The Americana Roar: Ford’s Coyote V8

The Americana Roar: Ford’s Coyote V8

When choosing an engine for our Signature vintage Ford builds, we knew it needed to not only perform well, but be impeccably refined yet still give our clients that Americana roar that they expect in a proper classic.

Today’s modern performance engines seem to have lost their soul.

Sure, a turbocharged engine puts out preposterous amounts of horsepower while being remarkably efficient, but the sound and fury? It’s not even close to the way it used to be. At Velocity, we strive to mesh the energy and passion of old-school trucks like the Bronco or F-Series with today’s modern technology. Our Broncos, Scouts, and F-Series trucks all need to perform like a modern car, but give that spine-tingling sensation that only a classic ride can.

When choosing an engine for our Signature vintage Ford builds, we knew it needed to not only perform well, but be impeccably refined yet still give our clients that Americana roar that they expect in a proper classic. Luckily for us, Ford happens to have one of the greatest crate engines available on the market and it’s a perfect companion to our builds: the 5.0L Coyote V8.

Ford enthusiasts (especially Mustang owners) know that the 5.0 defines vintage performance, but how the modern version of this incredible engine came to be is a story worth telling.

5.0 Origin Story

Let’s just start off by setting the record straight: the 5.0 nomenclature made famous in 1979 was not really a 5.0 at all.

The 1979 Mustang had a 4.9L V8, or for your old school muscle heads out there, a 302 cubic inch unit. If that 302 number sticks out in your head, it’s because another legendary Ford product bore those iconic numbers in 1969 and 1970. Yes, we’re talking about the homologation special known as the Boss 302 Mustang. A vehicle that for all intents and purposes was a thinly disguised race car, released for the sole purpose of competing in the SCCA’s 1969 Trans Am series.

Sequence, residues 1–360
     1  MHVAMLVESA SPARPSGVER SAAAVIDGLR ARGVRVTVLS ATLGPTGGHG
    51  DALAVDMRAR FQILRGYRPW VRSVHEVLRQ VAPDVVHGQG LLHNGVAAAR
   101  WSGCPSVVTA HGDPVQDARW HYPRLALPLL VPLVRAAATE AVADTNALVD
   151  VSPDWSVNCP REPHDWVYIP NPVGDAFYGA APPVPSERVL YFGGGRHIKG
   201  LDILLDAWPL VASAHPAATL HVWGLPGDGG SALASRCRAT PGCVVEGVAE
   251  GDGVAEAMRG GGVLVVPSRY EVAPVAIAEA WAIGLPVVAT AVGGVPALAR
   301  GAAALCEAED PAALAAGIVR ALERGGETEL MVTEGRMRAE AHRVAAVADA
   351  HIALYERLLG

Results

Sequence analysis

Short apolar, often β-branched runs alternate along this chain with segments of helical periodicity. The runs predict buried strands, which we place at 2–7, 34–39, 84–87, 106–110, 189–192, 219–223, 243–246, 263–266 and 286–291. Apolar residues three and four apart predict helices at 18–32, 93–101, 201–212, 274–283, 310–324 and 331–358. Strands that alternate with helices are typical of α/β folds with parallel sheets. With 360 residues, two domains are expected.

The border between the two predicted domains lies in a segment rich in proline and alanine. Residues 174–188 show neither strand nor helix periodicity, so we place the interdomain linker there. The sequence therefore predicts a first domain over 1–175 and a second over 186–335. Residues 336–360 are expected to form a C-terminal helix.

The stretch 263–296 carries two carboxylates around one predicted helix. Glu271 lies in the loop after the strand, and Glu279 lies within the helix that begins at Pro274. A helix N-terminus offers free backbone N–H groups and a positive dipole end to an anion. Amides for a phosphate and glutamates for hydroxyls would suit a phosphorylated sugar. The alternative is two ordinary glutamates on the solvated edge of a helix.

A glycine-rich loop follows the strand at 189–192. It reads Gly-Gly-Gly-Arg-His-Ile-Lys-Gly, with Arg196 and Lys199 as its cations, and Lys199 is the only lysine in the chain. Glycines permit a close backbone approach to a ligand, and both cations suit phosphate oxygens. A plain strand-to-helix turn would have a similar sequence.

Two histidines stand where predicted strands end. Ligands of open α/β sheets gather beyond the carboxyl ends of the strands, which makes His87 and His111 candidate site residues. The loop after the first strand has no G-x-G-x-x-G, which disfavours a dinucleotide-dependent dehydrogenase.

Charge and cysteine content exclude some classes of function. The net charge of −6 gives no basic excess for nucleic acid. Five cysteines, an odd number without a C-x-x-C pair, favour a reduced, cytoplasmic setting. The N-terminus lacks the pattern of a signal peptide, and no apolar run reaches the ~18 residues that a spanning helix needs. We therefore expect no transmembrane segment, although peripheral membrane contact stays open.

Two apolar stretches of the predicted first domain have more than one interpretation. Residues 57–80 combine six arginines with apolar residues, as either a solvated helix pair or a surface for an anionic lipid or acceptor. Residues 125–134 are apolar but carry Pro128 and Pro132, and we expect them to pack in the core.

1979 Ford Mustang1979 Ford Mustang – Credit
In order to compete in the Trans Am series, Ford needed to produce a production version of the car being raced at the track and the Boss 302 was it. The thin-wall, high nickel content block casting design, and solid lifters, combined with free flowing heads from the upcoming Cleveland V8 ensured a high-revving, punchy V8 that was light and powerful. Ford offered a 302 in other products, including the Bronco, but it was nothing like the Boss 302 unit. For clarity, Ford offered the 302 in the Bronco all the way through 1977, which made installing it’s cousin the Coyote in our restorations even more appropriate.

After the demise of the muscle car in the early 1970’s, the Mustang soldiered on as the Mustang II. The first time Ford bestowed the 5.0 moniker on the side of their famous pony car was in 1975, when they brought back the V8 after a four year hiatus. Even though it hammered out 5 liters of displacement, this sad 302 only made 122 horsepower due to emissions requirements of the day. Regardless, the people loved it and the Mustang was hot again.

Fox Body Power

Most muscle car fans know that the 5.0 GT is the true enthusiast choice, but back in 1979 when the fox body Mustang came out, Ford executives didn’t agree. The top brass at Ford wanted to cut the Mustang down to a front-wheel drive coupe with a Mazda chassis. While there’s nothing technically wrong with that, a front-wheel drive coupe is not a Mustang. Give me rear-wheel drive or give me death! Buyers indicated horror at the thought of a front-wheel pony car and the Mustang was bestowed not with a FWD platform, but the existing Ford Fox platform instead.

1982-ford-mustang-GT-front-three-quarter1982 Ford Mustang GT 302 HO – Credit